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We’ve got you USP 800 covered.

USP 800 becomes official December 1, 2019 of this year. To reach compliance, you need to ensure you are using the correct PPE to minimize exposure to hazardous drugs. Medline offers a free USP 800 PPE assessment, to help you take the guesswork out of compliance and provide recommendations designed to help you save money, better protect staff, and improve utilization.

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What does USP 800 mean for PPE?

Gowns

  • Gowns must be selected based on the hazardous drugs (HD) handled
  • Gowns must close in the back, be long sleeved, and have closed cuffs that are elastic or knit
  • Gowns must not have seams or closures that could allow HDs to pass through
  • Gowns must be changed every 2–3 hours, immediately after a spill or splash, or per the manufacturer’s information for
    permeation of the gown
  • Gowns worn in HD handling areas must not be worn to other areas

Chemotherapy gowns are tested against the following chemotherapy drugs per ASTM F739-12:

  • Dacarbazine
  • Carmustine (BiCNU)
  • Cyclophosphamide (Cytoxan)
  • Doxorubicin Hydrochloride
  • 5-Fluorouracil
  • Cisplatin
  • Etoposide (Toposar)
  • Paclitaxel (Taxol)
  • Thio-Tepa
  • Mitomycin C
  • Vincristine Sulfate

Gloves

  • Gloves must be powder-free and chemo-tested to ASTM D6978
  • Hands must be washed with soap and water after removing gloves
  • When used for sterile compounding, the outer chemotherapy glove must be sterile
  • Chemotherapy gloves must be changed every 30 minutes unless otherwise recommended (see chemo panel on back of glove boxes for breakthrough times)
  • Gloves must be inspected for physical defects before use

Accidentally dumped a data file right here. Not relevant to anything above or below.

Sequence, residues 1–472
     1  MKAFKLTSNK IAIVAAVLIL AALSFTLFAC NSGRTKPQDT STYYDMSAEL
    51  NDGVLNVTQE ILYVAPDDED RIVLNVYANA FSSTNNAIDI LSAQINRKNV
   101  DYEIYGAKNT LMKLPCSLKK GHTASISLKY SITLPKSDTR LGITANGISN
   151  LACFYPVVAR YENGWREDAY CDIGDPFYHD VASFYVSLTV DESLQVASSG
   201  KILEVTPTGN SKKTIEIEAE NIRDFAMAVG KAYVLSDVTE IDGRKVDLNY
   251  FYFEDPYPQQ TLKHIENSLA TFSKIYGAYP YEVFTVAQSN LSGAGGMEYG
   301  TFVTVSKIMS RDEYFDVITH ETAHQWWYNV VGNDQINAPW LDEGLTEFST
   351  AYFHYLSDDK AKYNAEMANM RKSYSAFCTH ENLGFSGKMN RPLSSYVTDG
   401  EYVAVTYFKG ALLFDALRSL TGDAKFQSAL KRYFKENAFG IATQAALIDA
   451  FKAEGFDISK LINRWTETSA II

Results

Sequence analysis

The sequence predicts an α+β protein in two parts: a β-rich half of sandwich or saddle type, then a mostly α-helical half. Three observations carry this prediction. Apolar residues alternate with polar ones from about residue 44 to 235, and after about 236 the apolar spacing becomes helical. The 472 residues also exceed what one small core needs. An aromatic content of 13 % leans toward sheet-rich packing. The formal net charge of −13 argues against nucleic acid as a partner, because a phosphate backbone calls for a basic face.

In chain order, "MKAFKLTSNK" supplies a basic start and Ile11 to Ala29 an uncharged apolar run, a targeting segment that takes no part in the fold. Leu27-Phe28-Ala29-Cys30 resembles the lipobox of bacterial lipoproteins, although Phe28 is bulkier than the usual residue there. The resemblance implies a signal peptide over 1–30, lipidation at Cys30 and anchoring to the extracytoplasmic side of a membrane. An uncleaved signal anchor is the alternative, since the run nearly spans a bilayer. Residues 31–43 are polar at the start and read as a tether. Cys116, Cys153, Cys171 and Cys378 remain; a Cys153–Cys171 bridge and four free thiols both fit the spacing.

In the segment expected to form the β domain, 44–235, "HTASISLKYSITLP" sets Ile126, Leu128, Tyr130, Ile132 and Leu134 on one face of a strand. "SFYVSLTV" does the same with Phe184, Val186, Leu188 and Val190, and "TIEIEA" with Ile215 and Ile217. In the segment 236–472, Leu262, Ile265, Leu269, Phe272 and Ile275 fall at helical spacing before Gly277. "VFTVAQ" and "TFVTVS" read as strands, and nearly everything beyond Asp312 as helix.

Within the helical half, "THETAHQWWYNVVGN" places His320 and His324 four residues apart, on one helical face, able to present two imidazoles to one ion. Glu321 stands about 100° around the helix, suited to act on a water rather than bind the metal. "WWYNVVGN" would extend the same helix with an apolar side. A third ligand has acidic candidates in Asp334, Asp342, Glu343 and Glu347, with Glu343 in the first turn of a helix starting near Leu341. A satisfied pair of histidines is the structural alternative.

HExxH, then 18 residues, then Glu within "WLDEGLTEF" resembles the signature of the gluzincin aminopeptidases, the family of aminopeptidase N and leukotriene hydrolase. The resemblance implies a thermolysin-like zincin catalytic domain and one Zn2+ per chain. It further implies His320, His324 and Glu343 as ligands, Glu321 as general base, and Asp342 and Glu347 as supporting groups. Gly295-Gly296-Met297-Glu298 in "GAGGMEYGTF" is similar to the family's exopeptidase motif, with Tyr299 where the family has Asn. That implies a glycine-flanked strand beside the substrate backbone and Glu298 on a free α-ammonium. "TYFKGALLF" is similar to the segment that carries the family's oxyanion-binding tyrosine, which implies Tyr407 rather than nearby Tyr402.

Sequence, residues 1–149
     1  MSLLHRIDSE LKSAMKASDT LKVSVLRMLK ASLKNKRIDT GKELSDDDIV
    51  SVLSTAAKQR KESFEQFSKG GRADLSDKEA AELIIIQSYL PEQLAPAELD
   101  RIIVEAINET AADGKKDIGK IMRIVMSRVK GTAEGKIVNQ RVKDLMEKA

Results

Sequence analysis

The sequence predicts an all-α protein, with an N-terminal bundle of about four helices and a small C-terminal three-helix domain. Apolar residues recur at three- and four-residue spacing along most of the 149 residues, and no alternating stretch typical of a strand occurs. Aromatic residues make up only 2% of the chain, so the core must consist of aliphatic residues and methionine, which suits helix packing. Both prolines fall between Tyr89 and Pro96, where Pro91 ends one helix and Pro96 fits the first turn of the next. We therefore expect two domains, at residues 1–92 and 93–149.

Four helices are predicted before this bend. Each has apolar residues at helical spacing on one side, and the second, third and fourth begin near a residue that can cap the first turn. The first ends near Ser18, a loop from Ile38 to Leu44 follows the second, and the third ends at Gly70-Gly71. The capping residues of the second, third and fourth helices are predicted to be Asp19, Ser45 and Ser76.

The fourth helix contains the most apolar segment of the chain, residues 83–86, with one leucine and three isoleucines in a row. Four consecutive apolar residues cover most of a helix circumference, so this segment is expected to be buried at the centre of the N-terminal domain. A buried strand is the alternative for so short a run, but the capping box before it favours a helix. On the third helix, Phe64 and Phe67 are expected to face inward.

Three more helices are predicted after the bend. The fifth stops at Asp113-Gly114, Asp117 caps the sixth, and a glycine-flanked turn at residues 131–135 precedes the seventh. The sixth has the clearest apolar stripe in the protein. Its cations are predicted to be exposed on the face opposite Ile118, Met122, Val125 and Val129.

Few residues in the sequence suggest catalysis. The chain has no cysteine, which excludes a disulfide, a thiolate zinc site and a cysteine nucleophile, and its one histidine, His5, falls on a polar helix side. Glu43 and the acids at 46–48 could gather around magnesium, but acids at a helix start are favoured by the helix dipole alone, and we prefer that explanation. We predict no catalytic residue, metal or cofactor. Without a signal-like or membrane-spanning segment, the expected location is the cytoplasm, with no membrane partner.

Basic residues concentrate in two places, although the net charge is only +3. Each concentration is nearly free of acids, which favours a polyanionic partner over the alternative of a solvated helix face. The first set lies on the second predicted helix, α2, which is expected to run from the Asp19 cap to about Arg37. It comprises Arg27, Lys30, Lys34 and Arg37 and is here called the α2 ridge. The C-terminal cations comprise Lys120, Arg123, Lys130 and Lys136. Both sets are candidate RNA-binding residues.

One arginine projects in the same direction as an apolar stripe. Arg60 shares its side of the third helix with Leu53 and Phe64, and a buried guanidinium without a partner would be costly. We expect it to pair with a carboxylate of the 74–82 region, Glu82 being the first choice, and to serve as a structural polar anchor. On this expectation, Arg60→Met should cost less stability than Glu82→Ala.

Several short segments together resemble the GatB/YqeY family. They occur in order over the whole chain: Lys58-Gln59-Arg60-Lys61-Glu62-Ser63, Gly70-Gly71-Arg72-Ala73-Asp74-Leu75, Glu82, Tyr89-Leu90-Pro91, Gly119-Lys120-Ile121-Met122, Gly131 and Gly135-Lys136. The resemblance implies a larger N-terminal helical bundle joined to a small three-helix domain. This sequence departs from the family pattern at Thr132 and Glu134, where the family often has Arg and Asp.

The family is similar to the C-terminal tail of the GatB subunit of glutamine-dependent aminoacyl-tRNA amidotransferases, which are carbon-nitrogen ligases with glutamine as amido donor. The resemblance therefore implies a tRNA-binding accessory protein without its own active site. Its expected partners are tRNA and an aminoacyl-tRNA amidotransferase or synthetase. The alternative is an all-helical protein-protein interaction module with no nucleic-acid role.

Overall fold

Head, hair, shoe and sleeve covers

  • Head and hair covers (including beard and moustache), shoe covers and sleeve covers provide protection from contact with HD residue
  • When compounding HDs, a second pair of shoe covers must be donned before entering the C-SEC and doffed when exiting the C-SEC
  • Shoe covers worn in HD handling areas must not be worn to other areas
  • Disposable sleeve covers protect areas of the arm that may come in contact with HD

Respiratory protection

  • Surgical masks do not provide respiratory protection from drug exposure
  • A fit-tested NIOSH-certified N95 respirator protects against airborne particles for most activities
  • N95 respirators offer no protection against gases and vapors and minimal protection against splashes

Eye and face protection

  • Eye and face protection must be worn when there’s a risk for spills or splashes of HD materials when working outside of a C-PEC
  • A full-face piece respirator provides eye and face protection
  • Face shields alone do not provide full eye and face protection—goggles must be used when eye protection is needed